Today's IT Infrastructure is often stated as three components: computers, storage, and networking. It's hard to say which is most important since all three are usually needed to do any real work, or entertain us. Early computers, through the '70s, were seldom networked but today's are usually networked and many mission-critical applications require networks to run. Networks were rare in computer systems from the '50s and emerged in the '70s as enterprise found it was cost-effective and enhanced control to connect branches to computers at the home office. Networks became more common in the '80s as PCs became common in the office and at home, but the networks were expensive and very limited compared to today's internet and ethernet. Today's networks are as at least as important as the computers on them. Our personal computers and phones don't do much interesting without their networks. Commerce, relationships, and entertainment depend on networking. 'The network is the computer' is one opinion, and in many cases it seems the computer is the network. Networks, computers, and storage are closely related, engineered to fit like gloves.
After the Sea-Ship—after the whistling winds; After the white-gray sails, taut to their spars and ropes, Below, a myriad, myriad waves, hastening, lifting up their necks, Tending in ceaseless flow toward the track of the ship: Waves of the ocean, bubbling and gurgling, blithely prying, Waves, undulating waves—liquid, uneven, emulous waves, Toward that whirling current, laughing and buoyant, with curves, Where the great Vessel, sailing and tacking, displaced the surface;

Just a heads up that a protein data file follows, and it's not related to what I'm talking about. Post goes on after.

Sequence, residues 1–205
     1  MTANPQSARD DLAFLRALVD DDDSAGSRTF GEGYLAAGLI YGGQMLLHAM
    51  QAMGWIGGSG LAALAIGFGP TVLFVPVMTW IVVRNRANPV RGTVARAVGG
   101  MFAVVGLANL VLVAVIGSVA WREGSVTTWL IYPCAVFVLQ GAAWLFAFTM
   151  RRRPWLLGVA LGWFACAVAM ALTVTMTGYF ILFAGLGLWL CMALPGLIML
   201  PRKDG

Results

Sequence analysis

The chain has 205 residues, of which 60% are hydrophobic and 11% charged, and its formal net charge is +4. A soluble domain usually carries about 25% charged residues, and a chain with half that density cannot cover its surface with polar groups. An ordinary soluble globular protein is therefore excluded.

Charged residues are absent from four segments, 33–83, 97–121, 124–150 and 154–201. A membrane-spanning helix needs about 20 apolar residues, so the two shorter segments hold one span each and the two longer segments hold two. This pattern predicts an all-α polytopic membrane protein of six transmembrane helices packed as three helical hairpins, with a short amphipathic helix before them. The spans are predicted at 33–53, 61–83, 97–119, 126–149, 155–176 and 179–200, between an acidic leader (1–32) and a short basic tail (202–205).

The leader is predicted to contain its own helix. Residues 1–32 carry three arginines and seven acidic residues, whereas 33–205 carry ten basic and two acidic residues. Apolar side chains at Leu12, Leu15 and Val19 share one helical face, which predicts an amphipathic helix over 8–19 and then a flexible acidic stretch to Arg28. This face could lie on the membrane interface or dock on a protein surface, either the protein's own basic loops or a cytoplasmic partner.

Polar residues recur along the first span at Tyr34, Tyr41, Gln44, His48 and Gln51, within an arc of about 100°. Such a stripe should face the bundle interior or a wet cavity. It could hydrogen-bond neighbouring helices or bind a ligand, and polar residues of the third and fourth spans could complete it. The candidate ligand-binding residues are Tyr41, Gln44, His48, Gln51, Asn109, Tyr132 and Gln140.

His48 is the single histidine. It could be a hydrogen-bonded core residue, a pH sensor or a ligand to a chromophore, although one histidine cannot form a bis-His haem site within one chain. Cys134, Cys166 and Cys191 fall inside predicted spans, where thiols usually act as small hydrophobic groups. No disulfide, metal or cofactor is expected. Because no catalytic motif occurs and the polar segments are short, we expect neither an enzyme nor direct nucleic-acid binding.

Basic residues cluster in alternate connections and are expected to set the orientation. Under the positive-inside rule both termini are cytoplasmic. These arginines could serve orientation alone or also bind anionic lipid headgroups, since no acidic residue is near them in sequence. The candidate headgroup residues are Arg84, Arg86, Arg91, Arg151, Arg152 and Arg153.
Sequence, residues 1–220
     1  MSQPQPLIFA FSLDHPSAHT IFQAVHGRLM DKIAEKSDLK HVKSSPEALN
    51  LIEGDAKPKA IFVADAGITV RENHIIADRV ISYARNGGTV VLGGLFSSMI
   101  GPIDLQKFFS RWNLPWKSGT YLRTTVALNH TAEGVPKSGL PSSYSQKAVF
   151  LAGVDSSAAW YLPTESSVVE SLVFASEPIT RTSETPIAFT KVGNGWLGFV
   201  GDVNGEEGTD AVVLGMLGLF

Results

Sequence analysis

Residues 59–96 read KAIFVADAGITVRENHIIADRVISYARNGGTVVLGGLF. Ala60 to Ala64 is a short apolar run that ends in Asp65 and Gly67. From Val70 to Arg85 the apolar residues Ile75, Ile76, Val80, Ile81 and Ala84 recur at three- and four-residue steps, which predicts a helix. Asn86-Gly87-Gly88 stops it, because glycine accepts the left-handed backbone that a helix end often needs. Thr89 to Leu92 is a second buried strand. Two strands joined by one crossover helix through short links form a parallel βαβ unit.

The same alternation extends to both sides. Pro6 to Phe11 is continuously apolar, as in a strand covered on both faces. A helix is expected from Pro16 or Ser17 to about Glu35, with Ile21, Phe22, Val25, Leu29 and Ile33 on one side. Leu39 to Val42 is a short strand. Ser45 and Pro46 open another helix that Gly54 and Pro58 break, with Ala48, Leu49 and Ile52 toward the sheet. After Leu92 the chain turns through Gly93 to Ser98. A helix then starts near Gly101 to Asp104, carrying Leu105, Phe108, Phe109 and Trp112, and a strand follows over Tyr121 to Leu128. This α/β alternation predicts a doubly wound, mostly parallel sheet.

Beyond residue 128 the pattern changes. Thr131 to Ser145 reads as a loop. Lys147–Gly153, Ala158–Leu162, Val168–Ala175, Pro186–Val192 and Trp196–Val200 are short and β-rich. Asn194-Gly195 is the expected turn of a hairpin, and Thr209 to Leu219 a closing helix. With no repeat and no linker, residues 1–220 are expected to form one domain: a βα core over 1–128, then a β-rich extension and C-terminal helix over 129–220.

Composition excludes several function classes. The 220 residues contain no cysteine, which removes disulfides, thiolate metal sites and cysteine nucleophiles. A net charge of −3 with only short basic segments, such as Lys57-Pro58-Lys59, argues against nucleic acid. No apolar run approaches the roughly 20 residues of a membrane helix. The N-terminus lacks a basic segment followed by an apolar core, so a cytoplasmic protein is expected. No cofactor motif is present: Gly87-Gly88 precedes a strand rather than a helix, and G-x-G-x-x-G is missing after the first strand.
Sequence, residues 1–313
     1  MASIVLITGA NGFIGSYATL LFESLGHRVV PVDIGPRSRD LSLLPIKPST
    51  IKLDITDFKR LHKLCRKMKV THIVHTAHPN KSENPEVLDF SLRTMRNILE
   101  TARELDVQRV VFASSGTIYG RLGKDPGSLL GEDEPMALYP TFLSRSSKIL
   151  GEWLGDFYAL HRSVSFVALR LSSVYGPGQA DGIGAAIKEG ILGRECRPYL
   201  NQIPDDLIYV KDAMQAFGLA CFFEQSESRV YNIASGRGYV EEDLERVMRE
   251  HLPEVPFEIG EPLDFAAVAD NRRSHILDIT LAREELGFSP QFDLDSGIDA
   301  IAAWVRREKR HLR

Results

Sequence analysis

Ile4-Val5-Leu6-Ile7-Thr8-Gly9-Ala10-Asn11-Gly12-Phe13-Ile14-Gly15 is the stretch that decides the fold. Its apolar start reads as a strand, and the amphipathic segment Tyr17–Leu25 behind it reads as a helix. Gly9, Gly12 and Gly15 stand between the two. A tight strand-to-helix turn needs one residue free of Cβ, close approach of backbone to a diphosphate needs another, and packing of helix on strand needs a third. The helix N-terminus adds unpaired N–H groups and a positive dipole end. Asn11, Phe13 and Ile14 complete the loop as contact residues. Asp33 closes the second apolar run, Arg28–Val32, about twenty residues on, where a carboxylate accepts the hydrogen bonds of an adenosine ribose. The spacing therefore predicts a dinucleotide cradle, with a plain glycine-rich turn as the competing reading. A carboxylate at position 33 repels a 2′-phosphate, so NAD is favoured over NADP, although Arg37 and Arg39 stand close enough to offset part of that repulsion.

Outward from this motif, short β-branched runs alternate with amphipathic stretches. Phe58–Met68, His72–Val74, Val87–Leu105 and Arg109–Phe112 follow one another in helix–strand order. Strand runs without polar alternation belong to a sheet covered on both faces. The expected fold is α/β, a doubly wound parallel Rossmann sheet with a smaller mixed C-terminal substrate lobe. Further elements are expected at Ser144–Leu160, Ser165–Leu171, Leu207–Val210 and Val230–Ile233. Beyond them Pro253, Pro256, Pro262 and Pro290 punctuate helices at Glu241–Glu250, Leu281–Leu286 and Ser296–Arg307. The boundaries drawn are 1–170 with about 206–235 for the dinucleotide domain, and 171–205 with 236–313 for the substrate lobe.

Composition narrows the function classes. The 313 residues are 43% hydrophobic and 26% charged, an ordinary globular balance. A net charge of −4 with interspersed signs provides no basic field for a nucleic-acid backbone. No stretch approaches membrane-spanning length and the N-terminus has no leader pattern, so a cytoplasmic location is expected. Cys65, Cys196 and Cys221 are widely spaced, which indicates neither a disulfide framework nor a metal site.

"You don’t mean — you can’t mean the people who live here?” cried Professor McGonagall, jumping to her feet and pointing at number four. “Dumbledore — you can’t. I’ve been watching them all day. You couldn’t find two people who are less like us. And they’ve got this son — I saw him kicking his mother all the way up the street, screaming for sweets. Harry Potter come and live here!” “It’s the best place for him,” said Dumbledore firmly. “His aunt and uncle will be able to explain everything to him when he’s older. I’ve written them a letter.” “A letter?” repeated Professor McGonagall faintly, sitting back down on the wall. “Really, Dumbledore, you think you can explain all this in a letter.These people will never understand him! He’ll be famous — a legend — I wouldn’t be surprised if today was known as Harry Potter Day in the future — there will be books written about Harry — every child in our world will know his name!”
No lines are longer than 80 characters, TYVM. Other specified properties aren't being scored automatically at this time so this is not necessarily good news...